Since the third-party defendant failed to obtain an order limiting creditors before distributing the estate, the third-party plaintiff contends this failure subjects the third-party defendant to personal liability for other claims not yet presented to him. Neither the court nor respective counsel have been able to find any precedent clearly resolving this question; therefore it is necessary to examine the legislative intent behind chapter 24 of Title 3A. The third-party plaintiff, relying upon a negative inference, argues that the obvious import of these statutes, particularly N.J.S. 3 A:23-7, is that the executor or administrator shall be liable to the creditor with respect to assets which he may have paid or delivered in satisfaction of any claims, legacies, or distributive shares before the presentment of a claim if no order limiting creditors has been obtained. The third-party defendant contends that the placing of limitations of time on the presentment of creditor's claims is not mandatory since the statute provides that the court "may" order the executor to give notice to creditors, and thus since the order is discretionary, there should be no personal liability upon the executor for distributing the estate before obtaining such an order.
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This court, upon reading the various sections of chapter 24 of Title 3A as a whole, must reach the conclusion that the third-party defendant, by distributing the assets of the estate to the general creditors and legatees without first obtaining an order limiting creditors, has subjected himself to liability to other creditors who have claims yet to be presented. If a contrary result were reached, the purposes of the statutes would be frustrated because no executor would have an incentive to seek such an order, but would, instead, distribute the assets in the same manner as the third-party defendant did here. It is assumed by the court that the Legislature in enacting this procedure expected it to be used, and not ignored. If the third-party defendant had obtained such an order, he would have been protected from any such liability under N.J.S. 3 A:24-7. Hackensack Trust Co. v. Van Den Berg, supra. However, since he did not avail himself of the protection of an order limiting creditors, he is subject to the claims of unpaid creditors until the statute of limitations has run upon their claims. Such liability is proportionate to the whole of the debts after payment of the claims preferred under N.J.S. 3 A:24-2.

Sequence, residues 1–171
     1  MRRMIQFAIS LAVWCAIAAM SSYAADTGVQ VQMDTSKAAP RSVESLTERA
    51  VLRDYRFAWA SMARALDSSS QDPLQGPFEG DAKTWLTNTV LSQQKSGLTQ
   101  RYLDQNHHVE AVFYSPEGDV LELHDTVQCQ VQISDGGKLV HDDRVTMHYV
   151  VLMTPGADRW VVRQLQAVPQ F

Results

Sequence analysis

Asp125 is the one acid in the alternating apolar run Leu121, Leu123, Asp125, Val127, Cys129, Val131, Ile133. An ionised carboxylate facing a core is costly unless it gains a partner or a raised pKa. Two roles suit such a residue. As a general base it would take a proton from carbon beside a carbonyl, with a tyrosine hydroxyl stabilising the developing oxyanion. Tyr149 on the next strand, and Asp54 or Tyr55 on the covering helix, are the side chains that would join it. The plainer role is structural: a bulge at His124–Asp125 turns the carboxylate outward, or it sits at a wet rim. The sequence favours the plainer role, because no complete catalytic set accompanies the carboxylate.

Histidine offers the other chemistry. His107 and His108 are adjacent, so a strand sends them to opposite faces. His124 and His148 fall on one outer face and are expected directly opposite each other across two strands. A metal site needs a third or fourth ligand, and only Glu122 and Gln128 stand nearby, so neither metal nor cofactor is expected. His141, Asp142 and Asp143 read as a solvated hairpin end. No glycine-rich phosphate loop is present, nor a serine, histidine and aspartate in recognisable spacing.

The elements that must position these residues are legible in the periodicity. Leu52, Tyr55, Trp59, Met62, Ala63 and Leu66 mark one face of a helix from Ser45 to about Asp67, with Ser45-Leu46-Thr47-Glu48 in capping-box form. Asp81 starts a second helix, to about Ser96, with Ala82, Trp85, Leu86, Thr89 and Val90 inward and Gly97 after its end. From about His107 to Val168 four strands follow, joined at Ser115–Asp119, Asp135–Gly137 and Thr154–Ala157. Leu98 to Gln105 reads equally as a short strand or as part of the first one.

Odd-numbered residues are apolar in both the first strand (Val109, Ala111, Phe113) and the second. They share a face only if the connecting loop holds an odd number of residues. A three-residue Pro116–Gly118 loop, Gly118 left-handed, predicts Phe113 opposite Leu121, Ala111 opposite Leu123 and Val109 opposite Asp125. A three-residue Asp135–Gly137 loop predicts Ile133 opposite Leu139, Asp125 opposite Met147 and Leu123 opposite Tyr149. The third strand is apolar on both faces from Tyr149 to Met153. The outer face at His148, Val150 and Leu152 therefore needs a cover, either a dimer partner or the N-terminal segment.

The third-party defendant also suggests that the third-party plaintiff should have brought suit upon the refunding bonds given by the legatees, as provided for by N.J.S. 3 A:24-13. Such procedure is not applicable here since that statute by its terms is limited to a claimant who has failed to present his claim in due form within the time required. If the third-party plaintiff's claim were barred by an order limiting creditors, then his remedy would be to use the procedure of N.J.S. 3 A:24-13, Philadelphia Sav. Fund Soc. v. Disston, supra. Furthermore, the bonds involved here run in favor of the executor, and therefore the proper party to sue upon these instruments would be the executor after the claim of the third-party plaintiff had been paid by the estate. See Reilly v. Deans , 131 N.J. Eq. 547 (Ch. 1942).
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Accordingly, judgment will be entered in favor of the plaintiff against the defendant, the third-party plaintiff, in the amount so stipulated by the parties. Judgment will also be entered in favor of the third-party plaintiff against the third-party defendant in a sum equal to the proportionate share of $902.52, the sum remaining in the estate after payment of preferred claims, based upon the ratio of total debts owed or owing to the general creditors other than the third-party plaintiff to the total amount of debts claimed by all general creditors.